Alaska campaign watchdog rules anti-ranked choice group can continue gathering signatures

An anti-ranked choice voting ballot group will be allowed to continue operating with no immediate consequences for alleged campaign ethics violations after a decision this week by the Alaska Public Offices Commission.

The commission held a hearing Wednesday to consider whether to expedite the adjudication of a complaint alleging that the ballot group was helped by an Anchorage church, in violation of campaign ethics rules and reporting requirements, as the group works to repeal Alaska’s voting system.

Without a decision to accelerate consideration of the complaint, the commission will take several months to determine whether the group has violated the law. By the time the commission rules on whether the law was violated, the group’s work will be done.

The group, Alaskans for Honest Elections, was formed late last year to collect signatures as part of an effort to repeal Alaska’s new voting system — itself adopted by ballot measure in 2020. The group’s goal is to gather and submit by early February a minimum of 26,000 signatures to get the repeal question on the 2024 ballot.

One of the group’s leaders, Phillip Izon, said last month that the group had launched an effort to pay signature gatherers because the group had yet to gather the minimum number of signatures needed in Anchorage. The complaint alleges that paid signature-gathering effort has violated the law — one in a string of alleged violations committed by anti-ranked choice activists.

In the complaint filed Monday, Alaskans for Better Elections — a group that advocates for the preservation of the voting system narrowly adopted by Alaskans in 2020 — alleged that the anti-ranked choice ballot group had violated the law by conducting its signature gathering activities from a building owned by Wellspring Ministries, an Anchorage Christian organization, without reporting Wellspring’s support as required by law.

Former Attorney General Kevin Clarkson, who represents the ballot group and its leaders, called the complaint a “distortion of facts, twisting of words to bend reality, half-truths, and misrepresentations.”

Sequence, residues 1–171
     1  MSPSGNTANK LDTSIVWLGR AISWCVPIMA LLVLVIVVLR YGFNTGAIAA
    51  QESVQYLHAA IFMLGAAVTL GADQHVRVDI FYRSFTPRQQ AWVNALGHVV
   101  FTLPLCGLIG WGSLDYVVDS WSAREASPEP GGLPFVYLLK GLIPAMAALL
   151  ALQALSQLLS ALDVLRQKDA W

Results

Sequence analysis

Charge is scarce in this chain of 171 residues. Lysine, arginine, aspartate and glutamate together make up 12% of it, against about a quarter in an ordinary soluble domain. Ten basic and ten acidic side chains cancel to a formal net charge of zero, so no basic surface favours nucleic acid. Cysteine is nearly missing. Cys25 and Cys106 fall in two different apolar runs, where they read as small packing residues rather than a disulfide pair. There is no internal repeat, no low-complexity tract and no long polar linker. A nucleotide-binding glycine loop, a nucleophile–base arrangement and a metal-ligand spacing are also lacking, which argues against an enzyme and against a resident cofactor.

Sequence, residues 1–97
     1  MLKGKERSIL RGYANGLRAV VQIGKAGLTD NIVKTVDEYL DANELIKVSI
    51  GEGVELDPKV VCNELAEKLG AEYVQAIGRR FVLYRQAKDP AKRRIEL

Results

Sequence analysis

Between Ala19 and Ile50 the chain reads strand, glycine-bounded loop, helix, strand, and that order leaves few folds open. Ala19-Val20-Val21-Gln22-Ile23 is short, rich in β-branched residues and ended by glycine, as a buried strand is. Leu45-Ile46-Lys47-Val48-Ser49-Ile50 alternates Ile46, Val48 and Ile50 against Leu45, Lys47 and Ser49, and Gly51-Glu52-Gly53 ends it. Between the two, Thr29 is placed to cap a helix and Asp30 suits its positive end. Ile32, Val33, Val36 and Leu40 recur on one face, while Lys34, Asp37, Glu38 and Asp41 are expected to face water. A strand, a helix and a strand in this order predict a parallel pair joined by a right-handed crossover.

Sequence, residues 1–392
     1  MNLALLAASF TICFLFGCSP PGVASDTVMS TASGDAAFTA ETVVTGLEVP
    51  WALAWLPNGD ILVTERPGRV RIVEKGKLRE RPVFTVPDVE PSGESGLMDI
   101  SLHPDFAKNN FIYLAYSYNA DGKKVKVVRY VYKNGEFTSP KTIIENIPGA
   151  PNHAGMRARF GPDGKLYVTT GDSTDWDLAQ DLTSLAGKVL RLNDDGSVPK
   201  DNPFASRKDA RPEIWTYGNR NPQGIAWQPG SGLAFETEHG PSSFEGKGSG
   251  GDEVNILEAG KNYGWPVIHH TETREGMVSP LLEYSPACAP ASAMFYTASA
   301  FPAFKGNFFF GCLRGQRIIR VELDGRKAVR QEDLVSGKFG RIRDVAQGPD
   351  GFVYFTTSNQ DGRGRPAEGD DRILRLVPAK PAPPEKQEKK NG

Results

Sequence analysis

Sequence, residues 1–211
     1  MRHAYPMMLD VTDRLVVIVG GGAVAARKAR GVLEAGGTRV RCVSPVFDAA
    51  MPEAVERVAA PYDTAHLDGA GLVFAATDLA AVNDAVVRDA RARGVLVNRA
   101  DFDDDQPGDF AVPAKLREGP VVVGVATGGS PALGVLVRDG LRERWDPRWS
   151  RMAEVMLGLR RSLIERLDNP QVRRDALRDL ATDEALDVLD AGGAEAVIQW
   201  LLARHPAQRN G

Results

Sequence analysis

The President of Wellspring Ministries, Art Mathias, serves as one of the chairs of the ballot initiative and has been the main funder of the signature-gathering effort. He has spent at least $90,000 on the initiative through a Washington-based church he formed together with Izon called the Ranked Choice Education Association, according to reports filed with the state.

Mathias argued that the use of Wellspring’s building was legal because the space used for signature collection and tabulation had been leased to a fundraising company. The ballot group paid that company $15,000 — a payment that had been reported late last month. Mathias said Mikaela Emswiler, the owner of the fundraising company, had agreed to pay $300 for using Wellspring space for several hours per week. But Mathias said there was no written lease because the agreement had been made “verbally.” He also said Emswiler had yet to pay for her use of the space.

The commission ruled that “the violations alleged in this case do not warrant expedited consideration” and that the complaint will be considered during a hearing in February, after the group’s signature submission deadline.

Anchorage attorney Scott Kendall, who wrote the complaint on behalf of Alaskans for Better Elections, had argued during the hearing Wednesday that the complaint should be expedited because once the signatures are submitted to the state for tabulation, Alaskans who signed the initiative cannot remove their names — which will be publicly available — even if the commission ultimately finds that the group violated the law. Until the group submits the signatures, Alaskans can remove their name by filling out a form on the Division of Elections website.

Izon has said he plans to finish gathering signatures by January and dissolve the group after the signatures have been submitted. But the commission ordered the group on Wednesday not to dissolve “until his matter and other related matters have been resolved.”

During the hearing, Izon repeatedly interrupted proceedings. He interjected during Kendall’s comments and refused at one point to answer Kendall’s questions while testifying. In one instance, attorney John Ptacin, who had been appointed to oversee the hearing, instructed Izon to speak to Clarkson about his “conduct.”

“You’ve been interrupting this hearing. You’ve been talking to Mr. Mathias here throughout. It’s very distracting. Kevin, I want you to get these folks in line,” said Ptacin.

Izon said Thursday that the hearing had been “very contentious” and “not fun, to say the least,” but that ultimately he thought “the commission made the right decision.”

He said his group had already gathered 34,000 signatures and remained on track to submit its initiative to the state next month.

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Iris Samuels

Iris Samuels is a reporter for the Anchorage Daily News focusing on state politics. She previously covered Montana for The AP and Report for America and wrote for the Kodiak Daily Mirror. Contact her at isamuels@adn.com.